Broom Mates

Broom Mates

To the question, “Why witches?,” Virginia Semeghini answers, “Why not?” Witch Bitch Thrift, a secondhand apparel and “witchy” supply shop downtown, was the brainchild of Semeghini, who says the name, reflective of her spiritual practices, came to her right along with the business idea. First conceived as an Instagram project during the fall of 2020, WBT developed into an online store with a devoted following. The business operated out of Semeghini’s apartment with the help of longtime friend Amanda Kelley before moving to an office space near their home in Bridgeport.

But customers were soon knocking on their door, despite the lack of a public-facing storefront. In early 2022, Kelley left the project and Semeghini’s life partner, Eva Ray, came on as co-owner. Determined to move their business to New Haven—“It was always very clear that New Haven was the place to be for us,” Semeghini told me; New Haven and WBT were “a big deal,” therefore a logical pair—they signed a lease at 105 Whitney Avenue last August, then worked 15-hour days to soft-open their new shop space in time for Halloween.

“October is our month,” Ray says, gesturing around at the year-round spooky decor. “Our time to shine.” The pair couldn’t contain their excitement about this October, the first since being fully established in their new city, ready to welcome trick-or-treaters and adult partiers alike not just for shopping but also a busy month of in-store events including costume and masquerade parties, a group session with a medium, a screening of Rocky Horror Picture Show and, this Friday, a haunted house.

Like Halloween itself, “We’re surprisingly family-friendly,” Semeghini says. “Everyone finds something.” Having something for everyone is, paradoxically, part of WBT’s unique vibe. “We wanted a curated experience with size inclusivity,” Ray says. She and Semeghini reminisce on being young, queer people who couldn’t find things that fit their bodies or their gender presentations and style, and how that difficulty affected their visions of themselves. That experience has influenced their business decisions and connected deeply with many of their customers. “People have a trust in us they might struggle to find elsewhere,” Semeghini says. “They want to know they’re being listened to, to be armed with more information so they can make the best decisions. We listen.”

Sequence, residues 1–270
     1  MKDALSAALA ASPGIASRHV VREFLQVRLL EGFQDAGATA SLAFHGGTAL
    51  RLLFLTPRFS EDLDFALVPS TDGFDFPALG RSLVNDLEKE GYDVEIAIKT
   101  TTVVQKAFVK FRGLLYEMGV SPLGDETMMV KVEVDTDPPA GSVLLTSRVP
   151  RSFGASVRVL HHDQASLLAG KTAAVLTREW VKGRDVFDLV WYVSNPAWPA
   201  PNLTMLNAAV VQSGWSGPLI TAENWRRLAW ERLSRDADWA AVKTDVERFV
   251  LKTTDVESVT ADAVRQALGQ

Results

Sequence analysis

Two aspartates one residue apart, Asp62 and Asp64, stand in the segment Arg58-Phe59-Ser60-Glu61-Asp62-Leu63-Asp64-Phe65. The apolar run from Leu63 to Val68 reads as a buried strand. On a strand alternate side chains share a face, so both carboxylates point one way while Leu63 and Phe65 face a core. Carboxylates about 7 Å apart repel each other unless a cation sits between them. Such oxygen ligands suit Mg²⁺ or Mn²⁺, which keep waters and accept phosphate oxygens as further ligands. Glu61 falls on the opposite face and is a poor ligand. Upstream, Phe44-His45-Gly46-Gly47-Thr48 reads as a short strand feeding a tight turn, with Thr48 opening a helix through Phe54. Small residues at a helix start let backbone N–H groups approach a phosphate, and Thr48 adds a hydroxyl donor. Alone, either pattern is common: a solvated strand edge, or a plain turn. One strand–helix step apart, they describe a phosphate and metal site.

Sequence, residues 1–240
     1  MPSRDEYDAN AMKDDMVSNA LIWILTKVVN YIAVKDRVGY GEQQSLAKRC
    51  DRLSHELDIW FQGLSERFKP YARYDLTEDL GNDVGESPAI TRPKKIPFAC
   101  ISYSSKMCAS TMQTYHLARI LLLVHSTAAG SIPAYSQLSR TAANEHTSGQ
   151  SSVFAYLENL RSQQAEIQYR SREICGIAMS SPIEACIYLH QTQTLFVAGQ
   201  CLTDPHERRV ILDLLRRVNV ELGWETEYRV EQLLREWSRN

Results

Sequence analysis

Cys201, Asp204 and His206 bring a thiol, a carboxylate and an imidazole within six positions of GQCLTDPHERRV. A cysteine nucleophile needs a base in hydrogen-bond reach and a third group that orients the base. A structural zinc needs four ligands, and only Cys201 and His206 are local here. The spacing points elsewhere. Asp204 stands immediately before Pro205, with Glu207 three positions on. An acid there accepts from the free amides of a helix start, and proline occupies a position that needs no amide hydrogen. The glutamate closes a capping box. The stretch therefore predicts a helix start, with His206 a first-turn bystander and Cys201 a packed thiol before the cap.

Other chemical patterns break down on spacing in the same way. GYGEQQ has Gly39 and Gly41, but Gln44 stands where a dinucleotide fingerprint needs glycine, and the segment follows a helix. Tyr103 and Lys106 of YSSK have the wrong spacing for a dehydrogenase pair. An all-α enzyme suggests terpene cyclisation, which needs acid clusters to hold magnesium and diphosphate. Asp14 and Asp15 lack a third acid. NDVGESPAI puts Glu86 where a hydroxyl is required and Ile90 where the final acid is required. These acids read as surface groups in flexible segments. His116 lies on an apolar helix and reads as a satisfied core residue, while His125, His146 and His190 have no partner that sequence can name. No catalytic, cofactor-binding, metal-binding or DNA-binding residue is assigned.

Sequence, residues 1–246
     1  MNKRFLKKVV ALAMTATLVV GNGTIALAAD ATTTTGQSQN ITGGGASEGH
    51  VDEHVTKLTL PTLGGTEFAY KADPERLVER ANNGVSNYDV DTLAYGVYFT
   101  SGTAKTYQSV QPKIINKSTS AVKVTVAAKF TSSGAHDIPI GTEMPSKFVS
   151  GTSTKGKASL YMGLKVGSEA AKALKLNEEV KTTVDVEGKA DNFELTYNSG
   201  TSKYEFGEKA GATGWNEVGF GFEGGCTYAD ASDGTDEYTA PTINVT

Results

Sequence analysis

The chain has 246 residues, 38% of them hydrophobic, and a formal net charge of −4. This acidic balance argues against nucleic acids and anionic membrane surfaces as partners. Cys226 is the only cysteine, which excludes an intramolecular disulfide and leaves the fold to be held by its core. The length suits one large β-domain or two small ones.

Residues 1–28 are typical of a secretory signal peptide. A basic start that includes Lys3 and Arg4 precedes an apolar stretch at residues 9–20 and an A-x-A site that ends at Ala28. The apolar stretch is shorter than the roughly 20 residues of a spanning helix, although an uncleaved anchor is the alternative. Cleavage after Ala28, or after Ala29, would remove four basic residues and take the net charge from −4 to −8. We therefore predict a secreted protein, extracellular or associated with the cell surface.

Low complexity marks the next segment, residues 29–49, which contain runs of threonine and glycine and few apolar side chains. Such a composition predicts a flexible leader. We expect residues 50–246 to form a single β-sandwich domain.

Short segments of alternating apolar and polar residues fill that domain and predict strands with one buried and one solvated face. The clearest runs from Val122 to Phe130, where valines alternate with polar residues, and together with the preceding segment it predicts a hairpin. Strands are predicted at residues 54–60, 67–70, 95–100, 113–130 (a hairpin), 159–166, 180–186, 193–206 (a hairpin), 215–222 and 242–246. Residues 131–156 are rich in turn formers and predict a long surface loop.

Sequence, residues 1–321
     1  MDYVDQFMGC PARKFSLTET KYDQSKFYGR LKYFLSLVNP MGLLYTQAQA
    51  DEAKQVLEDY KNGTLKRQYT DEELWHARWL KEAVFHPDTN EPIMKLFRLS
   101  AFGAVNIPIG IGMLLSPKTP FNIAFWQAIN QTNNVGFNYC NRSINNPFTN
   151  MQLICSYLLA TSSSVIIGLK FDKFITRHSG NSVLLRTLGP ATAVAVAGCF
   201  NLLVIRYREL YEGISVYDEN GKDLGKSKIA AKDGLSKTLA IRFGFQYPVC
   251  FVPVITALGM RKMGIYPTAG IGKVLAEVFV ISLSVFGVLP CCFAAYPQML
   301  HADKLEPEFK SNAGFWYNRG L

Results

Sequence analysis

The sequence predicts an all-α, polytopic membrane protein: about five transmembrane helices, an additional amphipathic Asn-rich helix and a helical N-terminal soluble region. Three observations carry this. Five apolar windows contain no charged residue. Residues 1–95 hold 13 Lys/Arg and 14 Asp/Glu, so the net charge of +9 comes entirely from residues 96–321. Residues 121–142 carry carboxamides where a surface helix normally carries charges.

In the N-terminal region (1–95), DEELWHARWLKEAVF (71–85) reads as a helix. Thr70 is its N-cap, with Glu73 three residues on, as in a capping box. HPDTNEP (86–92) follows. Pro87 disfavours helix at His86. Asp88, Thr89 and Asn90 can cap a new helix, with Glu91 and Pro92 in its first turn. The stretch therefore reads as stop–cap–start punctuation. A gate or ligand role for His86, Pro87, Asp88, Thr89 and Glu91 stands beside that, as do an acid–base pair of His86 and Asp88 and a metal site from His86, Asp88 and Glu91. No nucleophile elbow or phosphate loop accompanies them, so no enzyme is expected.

They point to their sizing system, where each piece is measured and assigned a size on their in-house scale. This combats the arbitrariness and lack of standardization across brands and accounts for the effects of the clothes being secondhand. So does their collaboration with a local tailor who brands himself The Whipped Stitcher. Also going by Jack, he can customize clothes to suit customers, whether with a simple hem or dart or the addition of pockets. His services are more affordable than a traditional tailor, as well as being conveniently located: right inside the store most Fridays, starting at 1 p.m. Much of his work has been focused on gender-affirming fashion, a rare skill that gives customers in need a service they might not be able to access otherwise.

Semeghini recalls a young teenage girl barreling out of the dressing room. “She couldn’t stop smiling. ‘I feel so pretty, look at this dress, I feel so pretty.’ She gushed about never finding so many clothes in one place, never feeling so pretty. ‘I’ve never had options for my first day of school.’ When she left, we started crying because this was so not our experience as kids. We all have dressing room trauma, clothes shopping trauma… that kid is going forward so confident and happy, because we made this space for her.”

Witch Bitch Thrift
105 Whitney Ave, New Haven (map)
Sun & Tues-Thurs 11am-6pm, Fri-Sat 11am-7pm
(203) 553-5703

Written by Miki Cornwell. Photographed by Dan Mims. Image 1 features, from left, Eva Ray and Virginia Semeghini.

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